I spent about an hour and I really came up short. I was disappointed since with other projects LinkedIn and/or Twitter had been more helpful. Instead I Googled and got the phone numbers for a goodly number of hospitals. I called the main number at each hospital and asked to be transferred to the appropriate department. It wasn’t so straightforward since hospitals don’t all call this medical area by the same name. However, I managed to get through to another 20 hospitals through cold calling. I was pleasantly surprised that one of my best interviews, with one of the largest US hospitals, came through a cold call. In cold calls, the person answering the phone often didn’t know the information I was seeking, but would find out who did, and would transfer me to the right person or give me their telephone number to callback later.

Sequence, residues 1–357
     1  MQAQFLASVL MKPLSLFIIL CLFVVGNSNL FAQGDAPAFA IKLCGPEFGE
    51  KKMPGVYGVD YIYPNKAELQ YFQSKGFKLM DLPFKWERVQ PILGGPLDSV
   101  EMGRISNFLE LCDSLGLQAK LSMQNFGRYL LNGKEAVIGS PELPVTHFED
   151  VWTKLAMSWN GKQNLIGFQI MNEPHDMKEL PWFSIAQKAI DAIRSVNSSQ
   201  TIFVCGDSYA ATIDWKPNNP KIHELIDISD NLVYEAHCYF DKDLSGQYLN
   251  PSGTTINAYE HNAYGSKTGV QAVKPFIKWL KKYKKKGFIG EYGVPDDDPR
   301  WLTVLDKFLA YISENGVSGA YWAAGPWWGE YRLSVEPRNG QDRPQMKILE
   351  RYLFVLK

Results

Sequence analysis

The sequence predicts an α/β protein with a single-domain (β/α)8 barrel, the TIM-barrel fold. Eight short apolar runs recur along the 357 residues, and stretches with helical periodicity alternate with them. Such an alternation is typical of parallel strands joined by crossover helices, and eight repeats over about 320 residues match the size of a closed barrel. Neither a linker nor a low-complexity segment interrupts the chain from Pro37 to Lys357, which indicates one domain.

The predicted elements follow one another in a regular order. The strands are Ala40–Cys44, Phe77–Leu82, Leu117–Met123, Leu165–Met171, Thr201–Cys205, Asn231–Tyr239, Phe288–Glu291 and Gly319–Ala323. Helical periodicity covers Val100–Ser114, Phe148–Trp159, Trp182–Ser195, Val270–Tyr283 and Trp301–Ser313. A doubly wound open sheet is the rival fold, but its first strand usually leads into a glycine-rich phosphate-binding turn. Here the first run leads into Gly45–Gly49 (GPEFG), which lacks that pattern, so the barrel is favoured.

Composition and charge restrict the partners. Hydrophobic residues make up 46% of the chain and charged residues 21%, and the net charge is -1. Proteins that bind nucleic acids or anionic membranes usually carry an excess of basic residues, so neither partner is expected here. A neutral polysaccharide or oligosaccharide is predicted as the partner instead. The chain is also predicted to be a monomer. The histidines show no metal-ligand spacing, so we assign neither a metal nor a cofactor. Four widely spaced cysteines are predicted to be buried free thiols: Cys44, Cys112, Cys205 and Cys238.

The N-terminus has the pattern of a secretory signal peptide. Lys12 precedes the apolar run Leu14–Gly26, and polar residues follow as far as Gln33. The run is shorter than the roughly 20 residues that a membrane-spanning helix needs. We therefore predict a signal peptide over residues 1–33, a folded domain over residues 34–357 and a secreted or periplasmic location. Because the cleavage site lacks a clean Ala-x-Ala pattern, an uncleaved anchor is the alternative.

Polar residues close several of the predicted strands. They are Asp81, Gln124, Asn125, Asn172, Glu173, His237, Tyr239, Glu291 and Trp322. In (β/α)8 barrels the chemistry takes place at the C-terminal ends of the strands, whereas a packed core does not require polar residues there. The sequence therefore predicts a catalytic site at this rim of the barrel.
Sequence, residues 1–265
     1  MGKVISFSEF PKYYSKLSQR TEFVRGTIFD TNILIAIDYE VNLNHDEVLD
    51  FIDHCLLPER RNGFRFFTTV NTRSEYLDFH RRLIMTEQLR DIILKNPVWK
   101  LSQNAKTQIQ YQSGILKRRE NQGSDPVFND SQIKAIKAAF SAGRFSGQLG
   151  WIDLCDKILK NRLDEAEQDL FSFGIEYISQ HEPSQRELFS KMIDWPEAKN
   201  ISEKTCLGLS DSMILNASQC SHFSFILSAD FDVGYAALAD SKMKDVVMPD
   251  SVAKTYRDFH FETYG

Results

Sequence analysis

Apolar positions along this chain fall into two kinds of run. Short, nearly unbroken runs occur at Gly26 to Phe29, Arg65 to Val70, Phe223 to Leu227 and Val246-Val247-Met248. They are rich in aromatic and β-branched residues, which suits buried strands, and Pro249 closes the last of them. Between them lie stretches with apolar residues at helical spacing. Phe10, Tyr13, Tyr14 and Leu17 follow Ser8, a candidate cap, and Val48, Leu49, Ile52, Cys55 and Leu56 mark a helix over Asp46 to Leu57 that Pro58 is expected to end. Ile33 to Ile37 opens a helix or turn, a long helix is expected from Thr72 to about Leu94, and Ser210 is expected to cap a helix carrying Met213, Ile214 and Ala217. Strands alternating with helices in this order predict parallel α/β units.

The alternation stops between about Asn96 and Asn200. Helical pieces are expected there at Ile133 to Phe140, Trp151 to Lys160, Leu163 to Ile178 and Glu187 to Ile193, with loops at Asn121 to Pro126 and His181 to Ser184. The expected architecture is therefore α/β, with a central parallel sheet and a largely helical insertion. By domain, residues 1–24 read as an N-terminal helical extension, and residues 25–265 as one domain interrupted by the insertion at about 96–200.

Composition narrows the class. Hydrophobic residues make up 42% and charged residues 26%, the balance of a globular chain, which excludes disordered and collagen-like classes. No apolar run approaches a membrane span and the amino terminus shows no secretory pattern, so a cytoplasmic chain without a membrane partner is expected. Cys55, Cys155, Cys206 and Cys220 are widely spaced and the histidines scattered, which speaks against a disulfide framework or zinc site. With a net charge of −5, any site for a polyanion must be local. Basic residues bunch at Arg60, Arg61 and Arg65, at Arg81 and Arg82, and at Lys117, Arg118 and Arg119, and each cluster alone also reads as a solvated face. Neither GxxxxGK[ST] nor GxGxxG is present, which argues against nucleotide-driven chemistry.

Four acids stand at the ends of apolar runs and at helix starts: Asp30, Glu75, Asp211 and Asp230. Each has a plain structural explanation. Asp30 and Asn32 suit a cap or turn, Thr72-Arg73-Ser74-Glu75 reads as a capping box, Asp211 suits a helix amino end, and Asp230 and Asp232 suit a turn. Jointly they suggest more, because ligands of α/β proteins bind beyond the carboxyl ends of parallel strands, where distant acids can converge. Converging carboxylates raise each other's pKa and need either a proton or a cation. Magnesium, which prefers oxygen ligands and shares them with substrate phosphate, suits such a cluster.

It was a wake-up call for me. Although this wasn’t a competitive intelligence project, it reminded me that the same technique often works when you cold call regardless of the reason why. You organize why someone would want to talk with you by putting yourself in their shoes. Early in this project I listened in on a conference call where managers in this medical discipline were being interviewed. I learned how they were motivated, and developed my approach around that. I also read up on the technology and competing technologies, so I could ask better questions or use elicitation skills to get more information depending on how the person answered me.

Not everyone was helpful, but I would say about 90% of those I connected with tried to be helpful based on what they knew about the technology I was querying.

I don’t know how else I could have completed this project in about 70 hours. Cold calling does take nerve since they often don’t go as you plan them. I find that if I don’t take myself too seriously and listen really closely, not just to the words, but to the tone and attitude, I am pretty successful. It helps that I have been cold calling for a while so have built up some confidence.